There is plenty of buzz around the potential for blockchain technology to transform and secure supply chains for increased, immutable chain of custody and tracking of products as they move through distribution channels. While the exploration of blockchain has so far been largely focused on the food industry, the pharmaceutical industry also sees tremendous value in blockchain’s ability to securely exchange serialized data from manufacturers all the way to pharmacies.
This vision has been investigated recently in a number of pilot programs conducted by leading pharmaceutical manufacturers, wholesale distributors and dispensers in collaboration with the U.S. Food and Drug Administration (FDA). FDA’s Drug Supply Chain Security Act (DSCSA) Pilot Project Program is intended to assist drug supply chain stakeholders, including the FDA, in developing an electronic, interoperable system that will identify and trace certain prescription drugs as they are distributed within the United States. It also supports an even larger vision set forth in the 2013 act, which focuses on improving supply chain visibility and transparency in the pharmaceutical supply chain. Meeting the requirements of the DSCSA and product authentication/anticounterfeit measures are the most prevalent use cases in the pharmaceutical industry using distributed ledger technology.
How blockchain helps industry meet regulatory requirements
Six of the 20 FDA-sponsored DSCSA pilots completed early this year were focused on determining the usefulness of blockchain for boosting supply chain visibility and product ownership traceability, as well as identifying a path forward for this potential game-changing technology. All six pilots incorporated GS1 Standards as an essential foundation for improved data sharing, since the standards provide a common language that can be understood by all supply-chain partners.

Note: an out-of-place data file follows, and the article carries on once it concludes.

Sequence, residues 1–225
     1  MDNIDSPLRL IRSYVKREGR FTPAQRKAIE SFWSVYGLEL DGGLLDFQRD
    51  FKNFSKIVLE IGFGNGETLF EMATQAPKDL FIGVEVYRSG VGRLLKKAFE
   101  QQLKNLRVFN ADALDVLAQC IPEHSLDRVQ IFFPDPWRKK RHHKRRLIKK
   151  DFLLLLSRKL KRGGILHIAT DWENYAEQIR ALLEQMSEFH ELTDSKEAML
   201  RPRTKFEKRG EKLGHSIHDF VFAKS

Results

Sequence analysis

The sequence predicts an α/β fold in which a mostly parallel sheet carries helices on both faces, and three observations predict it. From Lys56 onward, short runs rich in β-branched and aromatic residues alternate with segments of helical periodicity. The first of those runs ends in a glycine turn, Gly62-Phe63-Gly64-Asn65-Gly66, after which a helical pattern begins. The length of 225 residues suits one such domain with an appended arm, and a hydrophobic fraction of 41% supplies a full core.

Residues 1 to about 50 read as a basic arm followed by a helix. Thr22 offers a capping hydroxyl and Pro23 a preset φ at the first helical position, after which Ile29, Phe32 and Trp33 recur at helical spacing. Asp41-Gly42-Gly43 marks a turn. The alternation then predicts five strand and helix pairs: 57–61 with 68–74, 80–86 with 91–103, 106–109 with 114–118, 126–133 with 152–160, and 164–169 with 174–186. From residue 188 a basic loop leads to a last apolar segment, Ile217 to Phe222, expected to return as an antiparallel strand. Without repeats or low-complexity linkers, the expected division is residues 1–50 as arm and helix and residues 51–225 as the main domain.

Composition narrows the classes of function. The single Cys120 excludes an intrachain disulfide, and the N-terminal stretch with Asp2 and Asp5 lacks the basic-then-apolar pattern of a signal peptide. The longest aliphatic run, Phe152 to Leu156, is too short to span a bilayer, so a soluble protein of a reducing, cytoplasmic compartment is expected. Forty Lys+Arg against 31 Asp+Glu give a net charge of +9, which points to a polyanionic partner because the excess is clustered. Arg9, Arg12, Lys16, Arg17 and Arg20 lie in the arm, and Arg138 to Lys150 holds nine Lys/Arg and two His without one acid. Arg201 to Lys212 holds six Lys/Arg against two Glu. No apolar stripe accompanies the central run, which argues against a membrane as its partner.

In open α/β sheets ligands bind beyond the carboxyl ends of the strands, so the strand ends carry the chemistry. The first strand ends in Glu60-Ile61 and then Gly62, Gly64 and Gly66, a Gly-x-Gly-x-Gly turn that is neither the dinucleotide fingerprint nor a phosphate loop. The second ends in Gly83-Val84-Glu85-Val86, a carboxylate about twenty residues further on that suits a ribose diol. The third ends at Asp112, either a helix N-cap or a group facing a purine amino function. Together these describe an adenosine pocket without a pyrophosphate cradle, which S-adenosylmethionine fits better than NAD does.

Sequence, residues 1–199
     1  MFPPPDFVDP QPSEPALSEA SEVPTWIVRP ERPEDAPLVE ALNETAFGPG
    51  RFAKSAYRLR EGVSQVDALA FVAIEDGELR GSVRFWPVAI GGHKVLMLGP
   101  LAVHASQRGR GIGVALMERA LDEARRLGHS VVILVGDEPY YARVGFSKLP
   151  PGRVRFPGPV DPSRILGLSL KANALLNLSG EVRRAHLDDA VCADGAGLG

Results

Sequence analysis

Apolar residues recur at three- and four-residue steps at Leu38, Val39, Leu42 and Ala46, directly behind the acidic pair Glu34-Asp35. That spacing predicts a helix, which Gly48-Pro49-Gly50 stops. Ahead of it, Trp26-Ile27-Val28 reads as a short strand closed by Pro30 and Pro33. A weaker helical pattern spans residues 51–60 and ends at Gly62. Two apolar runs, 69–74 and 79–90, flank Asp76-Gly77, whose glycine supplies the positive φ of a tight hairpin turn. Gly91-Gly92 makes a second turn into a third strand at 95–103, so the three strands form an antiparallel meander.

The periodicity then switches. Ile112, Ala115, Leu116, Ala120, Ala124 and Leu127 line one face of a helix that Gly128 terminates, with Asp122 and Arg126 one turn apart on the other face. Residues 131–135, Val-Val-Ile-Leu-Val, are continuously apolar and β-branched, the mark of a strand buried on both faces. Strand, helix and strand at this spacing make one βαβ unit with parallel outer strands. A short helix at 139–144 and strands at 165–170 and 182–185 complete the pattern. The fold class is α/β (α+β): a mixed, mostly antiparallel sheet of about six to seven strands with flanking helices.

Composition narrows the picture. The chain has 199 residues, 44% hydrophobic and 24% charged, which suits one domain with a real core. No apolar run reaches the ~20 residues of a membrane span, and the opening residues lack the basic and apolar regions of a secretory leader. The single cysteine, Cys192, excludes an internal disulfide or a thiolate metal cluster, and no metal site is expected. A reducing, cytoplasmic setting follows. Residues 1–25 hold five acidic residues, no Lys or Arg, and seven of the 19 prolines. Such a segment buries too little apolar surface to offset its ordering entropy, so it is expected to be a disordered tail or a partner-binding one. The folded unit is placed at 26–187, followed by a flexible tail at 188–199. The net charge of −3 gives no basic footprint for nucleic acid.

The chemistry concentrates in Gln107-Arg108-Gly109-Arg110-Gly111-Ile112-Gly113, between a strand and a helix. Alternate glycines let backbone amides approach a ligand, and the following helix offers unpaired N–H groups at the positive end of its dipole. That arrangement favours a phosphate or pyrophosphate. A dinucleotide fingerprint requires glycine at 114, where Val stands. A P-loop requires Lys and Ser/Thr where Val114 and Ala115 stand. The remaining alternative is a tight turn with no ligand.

The DSCSA expressly requires pharmaceutical products to be serialized and labeled with specific standardized data to support an interoperable, electronic system for identifying and tracing them throughout U.S. distribution. Packages must be marked with a two-dimensional barcode containing unique product identifiers and other regulated data elements applied in a standardized way to facilitate accurate product tracking across the healthcare supply chain. This will also associate the physical product markings with the serialized electronic data exchange that will be required, per DSCSA, on or before Nov. 27, 2023.